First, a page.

What it Means to Be Healthy

Categories: Well-being

What Does Healthy Mean?

Healthy: adjective – Pronunciation: hel-thē – Definition: enjoying good health*
* According to
Merriam Webster Dictionary

What does the word healthy mean to you? To the media, healthy is portrayed as: thin models, body builder muscles, miracle weight-loss diets, and intense workouts at the gym for hours on end. It’s time to get real here, this is NOT realistic! Sure, some people do look like that, eat like that, exercise like that, and it works for them. Well for most it doesn’t work, and may actually contribute to unhealthy and possibly dangerous habits. One-size does not fit all in terms of health.

Feeling healthy can be a balance of many things, including proper exercise, nutrition, and mindfulness. Being in good health may also look different for those of different ages and abilities. Let’s talk about what healthy may feel like to you and other everyday folks in west Orange County. Simple healthy habits can make a BIG impact in your life.

You are What You Eat…

Do you ever have days where you’re on the go, eating fast food, and feeling a bit: blah? Healthy to many people means having tons of energy to power through work, household chores, and chasing the kiddos around. Here are some simple tips about how you can use the food you eat to power your busy days and still feel your best:

  • Maximize with nutrient-packed foods, including whole grains, lean protein, fruits and vegetables, and low-fat or fat-free dairy.
  • Eat less food high in solid fats, added sugars, and sodium (salt).
  • Vary your fruits and vegetables.
  • Eat a variety of colors, in various ways. Try blue, red, or black berries; red and yellow peppers; and dark greens like spinach and kale. Choose fresh, frozen, low-sodium canned, dried, or 100 percent juice options.
  • Stay hydrated by drinking water instead of sugary drinks. Keep a reusable water bottle with you to always have water on hand.
  • Eat within recommended portion sizes.
  • Eating out idea: order twice the vegetables or a salad when eating out; instead of fries. Most restaurants are happy to accommodate!
fruits and vegetables

We Like to Move It, Move It!

For you, does healthy mean getting up and active? Exercise is a huge part of your health journey. The Harvard School of Public Health recommends trying these tips to keep exercise a part of your everyday life:

  • Piece your workout together:you don’t need to get all your exercise at one time. Most people don’t have a large amount of time during their busy days. For example, ten minutes morning, noon, and night can give much of the same benefit as 30 minutes all at once.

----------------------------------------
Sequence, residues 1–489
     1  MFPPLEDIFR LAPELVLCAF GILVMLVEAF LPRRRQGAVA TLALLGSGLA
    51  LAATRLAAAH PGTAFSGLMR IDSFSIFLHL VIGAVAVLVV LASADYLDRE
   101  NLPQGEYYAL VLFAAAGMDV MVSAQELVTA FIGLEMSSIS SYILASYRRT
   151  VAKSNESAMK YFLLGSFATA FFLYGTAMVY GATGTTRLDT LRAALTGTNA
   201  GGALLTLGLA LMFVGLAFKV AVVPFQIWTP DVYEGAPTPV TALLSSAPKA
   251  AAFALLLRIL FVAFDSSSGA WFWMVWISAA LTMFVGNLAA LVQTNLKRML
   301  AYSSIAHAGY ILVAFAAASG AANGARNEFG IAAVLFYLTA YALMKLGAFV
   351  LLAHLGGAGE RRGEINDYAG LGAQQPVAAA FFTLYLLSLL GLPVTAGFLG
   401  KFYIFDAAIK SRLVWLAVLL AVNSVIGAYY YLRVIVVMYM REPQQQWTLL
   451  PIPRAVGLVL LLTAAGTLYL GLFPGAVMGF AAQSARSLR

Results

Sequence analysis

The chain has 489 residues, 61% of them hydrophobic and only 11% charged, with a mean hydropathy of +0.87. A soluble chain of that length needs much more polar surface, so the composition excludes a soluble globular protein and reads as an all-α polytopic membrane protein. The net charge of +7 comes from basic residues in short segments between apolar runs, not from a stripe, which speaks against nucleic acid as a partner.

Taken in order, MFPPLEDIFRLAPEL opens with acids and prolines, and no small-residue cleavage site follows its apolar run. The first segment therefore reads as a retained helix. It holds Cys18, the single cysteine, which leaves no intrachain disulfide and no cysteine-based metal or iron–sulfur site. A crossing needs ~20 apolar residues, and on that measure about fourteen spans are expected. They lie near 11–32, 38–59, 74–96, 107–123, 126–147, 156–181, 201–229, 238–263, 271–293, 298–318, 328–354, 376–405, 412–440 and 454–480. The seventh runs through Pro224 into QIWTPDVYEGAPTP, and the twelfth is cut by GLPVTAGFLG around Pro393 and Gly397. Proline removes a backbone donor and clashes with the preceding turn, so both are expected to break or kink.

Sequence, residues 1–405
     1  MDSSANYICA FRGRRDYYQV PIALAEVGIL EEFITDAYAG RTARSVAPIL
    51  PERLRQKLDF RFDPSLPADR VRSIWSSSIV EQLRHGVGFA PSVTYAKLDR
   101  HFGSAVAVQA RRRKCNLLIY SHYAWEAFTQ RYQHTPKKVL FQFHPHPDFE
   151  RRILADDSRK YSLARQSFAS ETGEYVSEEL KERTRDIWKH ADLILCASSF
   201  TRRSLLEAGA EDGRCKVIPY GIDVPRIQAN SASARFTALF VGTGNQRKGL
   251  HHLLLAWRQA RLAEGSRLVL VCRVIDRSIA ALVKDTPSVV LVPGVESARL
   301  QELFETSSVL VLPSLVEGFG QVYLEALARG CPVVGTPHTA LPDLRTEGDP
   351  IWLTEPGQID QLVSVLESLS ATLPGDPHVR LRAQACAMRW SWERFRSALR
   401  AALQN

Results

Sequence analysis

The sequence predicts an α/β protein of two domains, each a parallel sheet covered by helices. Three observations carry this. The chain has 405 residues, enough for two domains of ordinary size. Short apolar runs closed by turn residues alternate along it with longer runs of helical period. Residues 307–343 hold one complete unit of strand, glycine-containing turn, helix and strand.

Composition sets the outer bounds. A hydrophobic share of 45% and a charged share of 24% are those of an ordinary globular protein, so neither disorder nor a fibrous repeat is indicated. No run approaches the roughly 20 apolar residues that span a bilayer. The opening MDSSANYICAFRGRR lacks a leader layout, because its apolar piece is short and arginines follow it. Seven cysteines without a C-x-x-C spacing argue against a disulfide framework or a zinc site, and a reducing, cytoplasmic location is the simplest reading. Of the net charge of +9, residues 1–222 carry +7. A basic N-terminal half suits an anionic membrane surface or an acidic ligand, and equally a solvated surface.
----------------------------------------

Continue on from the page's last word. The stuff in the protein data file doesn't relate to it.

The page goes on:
• Turn sit time into fit time. Try to combine cardiovascular exercise with a sedentary activity that you already do. For example, try doing simple exercises while watching TV, or set a reminder at work to get up and walk a few minutes every hour. Super simple!
  • Reward yourself. Set short-term goals—and reward yourself for achieving them. Try targeting a specific event, such as a road race or a walk-for-charity, to participate in—this can help keep you motivated and working out with a group can allow you to make new friends too.

Just Breathe!

One aspect of health that is often put to the wayside is mindfulness. Your mental wellbeing is crucial to enjoying a happy, healthy life. The everyday stress people face these days is often overwhelming. Want to know more about mindfulness? We’re here to help! Also, The Mayo Clinic has a few exercises that you can practice to make mindfulness a priority when you’re feeling anxious:

  • Focus on your breathing. When you have negative thoughts, sit down, take a deep breath and close your eyes. Focus on your breath as it moves in and out of your body. Sitting and breathing for even just a minute can help.
  • Sitting meditation. Sit comfortably with your back straight, feet flat on the floor and hands in your lap. Breathing through your nose, focus on your breath moving in and out of your body. If physical sensations or thoughts interrupt your meditation, note the experience and then return your focus to your breath.
  • Walking meditation. Find a quiet place 10 to 20 feet in length, and begin to walk slowly. Focus on the experience of walking, being aware of the sensations of standing and the subtle movements that keep your balance. When you reach the end of your path, turn and continue walking, maintaining awareness of your sensations.
man sitting in field

Staying Healthy

To wrap things up, here’s a note to remember: nobody is perfect! You may have days where you eat one too many cookies (or 5 too many cookies), or sit on the couch and watch TV all day, or stress out and lose control of your emotions. We are human and we all fall off track now and again. What matters is that you work through the setbacks and continue on your health journey, learning more as you go and striving to the healthiest you.

Now that you’ve learned more about how to keep yourself healthy, check back next week for a post about Supporting the Health of Others!

We Want to Hear from You!

What makes you feel healthy? Share with us below!

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